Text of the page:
Reactive business platforms are the future of the modern enterprise. In, Reactive Manifesto: The Next Visicalc and the future of Business Technology, I ruminated about how the future needs to be reactive, responsive to business events. The more you think about it, the largest enterprises have already started to move in the direction of building business platforms that react to the customer. What exactly is a Reactive Business Platform and how can you or your team build one with publicly available technologies in the open source or cloud worlds?
Earlier we covered how to design scalable business platforms with the “SMACK” stack, as well as a deeper dive into Spark, one of the real-time data processing frameworks which allow for distributed computing. As part of a series, this post focuses on how to “react” to streams of information or events in the fastest way possible without delay.
Akka (for JVM Languages) was created by Phillip Haller to bring actor-based concurrent systems similar to ones in Erlang to the Scala and Java languages. Akka.NET (for C#/.NET languages) was created by Petabridge’s Aaron Stannard because he wanted something like Akka in .NET/C#.
Akka allows business platform builders the ability to create systems that are asynchronous and distributed by design that is high-performing and resilient. The technology allows architects to create a system that is built for the cloud with elasticity through built-in load balancing, routing, and partitioning. Imagine making an army of small tiny (code) bots that are formed as a hierarchy listening for messages to do something and get it done as soon as possible. Imagine that army of tiny bots in different servers all talking together.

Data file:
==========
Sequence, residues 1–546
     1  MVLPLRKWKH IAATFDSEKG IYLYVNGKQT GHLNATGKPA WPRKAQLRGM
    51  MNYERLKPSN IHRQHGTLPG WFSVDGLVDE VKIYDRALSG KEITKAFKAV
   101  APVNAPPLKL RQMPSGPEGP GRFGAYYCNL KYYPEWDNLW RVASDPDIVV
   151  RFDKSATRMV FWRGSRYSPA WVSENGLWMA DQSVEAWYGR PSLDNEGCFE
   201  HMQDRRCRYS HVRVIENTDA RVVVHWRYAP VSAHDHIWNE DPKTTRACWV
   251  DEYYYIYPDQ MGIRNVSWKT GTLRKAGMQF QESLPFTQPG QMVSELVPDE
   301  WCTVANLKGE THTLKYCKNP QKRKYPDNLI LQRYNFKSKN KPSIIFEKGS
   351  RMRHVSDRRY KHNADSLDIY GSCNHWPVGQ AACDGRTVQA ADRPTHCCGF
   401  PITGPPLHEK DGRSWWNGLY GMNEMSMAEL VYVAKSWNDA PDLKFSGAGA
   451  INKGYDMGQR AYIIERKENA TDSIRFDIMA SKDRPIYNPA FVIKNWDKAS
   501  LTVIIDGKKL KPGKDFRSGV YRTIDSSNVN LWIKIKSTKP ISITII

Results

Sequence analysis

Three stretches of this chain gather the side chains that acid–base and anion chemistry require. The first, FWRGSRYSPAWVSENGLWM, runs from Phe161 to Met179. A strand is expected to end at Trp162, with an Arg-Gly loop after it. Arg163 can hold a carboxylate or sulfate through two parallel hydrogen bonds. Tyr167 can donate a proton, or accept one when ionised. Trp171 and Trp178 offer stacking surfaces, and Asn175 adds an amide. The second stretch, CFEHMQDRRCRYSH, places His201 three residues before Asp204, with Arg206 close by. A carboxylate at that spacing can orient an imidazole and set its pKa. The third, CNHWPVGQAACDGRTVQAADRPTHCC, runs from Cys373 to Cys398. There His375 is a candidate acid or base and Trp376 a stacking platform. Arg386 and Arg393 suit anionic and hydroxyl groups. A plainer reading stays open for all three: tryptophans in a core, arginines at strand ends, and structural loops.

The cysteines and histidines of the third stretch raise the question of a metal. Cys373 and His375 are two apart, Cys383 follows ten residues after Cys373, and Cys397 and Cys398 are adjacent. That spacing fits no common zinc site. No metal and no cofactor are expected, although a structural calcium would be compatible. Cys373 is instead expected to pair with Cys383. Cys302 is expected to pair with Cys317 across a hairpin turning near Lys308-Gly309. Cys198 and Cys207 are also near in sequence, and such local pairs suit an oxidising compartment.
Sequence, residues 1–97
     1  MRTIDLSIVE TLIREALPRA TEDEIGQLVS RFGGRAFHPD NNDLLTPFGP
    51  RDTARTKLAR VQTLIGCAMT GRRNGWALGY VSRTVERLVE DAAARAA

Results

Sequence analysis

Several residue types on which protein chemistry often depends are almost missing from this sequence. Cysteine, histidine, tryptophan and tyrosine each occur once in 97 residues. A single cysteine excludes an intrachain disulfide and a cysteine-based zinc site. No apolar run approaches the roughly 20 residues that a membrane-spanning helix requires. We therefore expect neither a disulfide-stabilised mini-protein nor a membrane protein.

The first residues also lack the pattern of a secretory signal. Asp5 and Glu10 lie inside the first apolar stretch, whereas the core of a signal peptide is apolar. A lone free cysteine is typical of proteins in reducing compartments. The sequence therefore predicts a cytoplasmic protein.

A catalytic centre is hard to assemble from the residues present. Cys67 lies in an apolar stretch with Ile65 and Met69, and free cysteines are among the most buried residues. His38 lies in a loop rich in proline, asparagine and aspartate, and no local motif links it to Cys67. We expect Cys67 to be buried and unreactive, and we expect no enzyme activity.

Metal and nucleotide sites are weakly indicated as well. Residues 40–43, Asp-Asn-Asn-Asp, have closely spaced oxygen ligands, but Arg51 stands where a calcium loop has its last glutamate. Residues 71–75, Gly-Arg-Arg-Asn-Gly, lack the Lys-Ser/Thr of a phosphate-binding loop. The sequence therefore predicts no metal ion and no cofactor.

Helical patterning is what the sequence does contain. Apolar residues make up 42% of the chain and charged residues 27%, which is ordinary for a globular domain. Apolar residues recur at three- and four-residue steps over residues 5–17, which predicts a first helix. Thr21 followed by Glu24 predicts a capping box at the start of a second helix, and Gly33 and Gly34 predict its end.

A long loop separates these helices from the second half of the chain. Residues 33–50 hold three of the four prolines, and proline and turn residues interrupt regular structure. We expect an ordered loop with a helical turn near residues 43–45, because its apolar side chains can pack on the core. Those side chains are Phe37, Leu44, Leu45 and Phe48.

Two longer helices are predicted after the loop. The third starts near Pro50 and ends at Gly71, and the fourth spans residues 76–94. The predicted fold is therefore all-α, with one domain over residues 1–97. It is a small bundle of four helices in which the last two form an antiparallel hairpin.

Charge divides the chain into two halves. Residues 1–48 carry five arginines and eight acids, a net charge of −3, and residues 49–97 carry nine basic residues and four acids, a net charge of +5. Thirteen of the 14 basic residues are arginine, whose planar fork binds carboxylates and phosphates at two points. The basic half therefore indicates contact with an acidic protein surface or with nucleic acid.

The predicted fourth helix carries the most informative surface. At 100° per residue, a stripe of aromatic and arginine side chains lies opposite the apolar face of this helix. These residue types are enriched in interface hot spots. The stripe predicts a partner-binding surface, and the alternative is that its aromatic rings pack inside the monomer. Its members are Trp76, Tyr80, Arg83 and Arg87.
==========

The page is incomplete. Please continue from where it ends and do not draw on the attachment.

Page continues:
Akka code is created in a hierarchy so that messages are sent to the next level down from a “Supervisor” actor that keeps track of ones it’s tracking.
Akka is not the only way to achieve what Akka does. There are “server-less” architectures such as AWS Lambda or Azure Functions which can basically do the same thing. Serverless architectures is another deep subject that we can get into later.
Right now, as part of the SMACK stack, it’s the most lightweight way of taking messages from Kafka and saving them to Cassandra and sending off a message to a Kafka queue to do something else in Spark down the line. People have built web crawlers, ETL Frameworks, and energy grid monitoring systems with Akka.
How can you evaluate if Akka is for your project? Here are some good starting tutorials to get your hands dirty. My favorite is the Akka.net Web Crawler which has a real-time web monitor that shows whats being crawled.
In our next article, we’ll cover how Cassandra, the best-distributed database in the world, can help build web-scale business platforms. If you want me or our company, to come and talk to your company about data modernization, real-time data platforms, or Akka, feel free to email me or my team at Anant.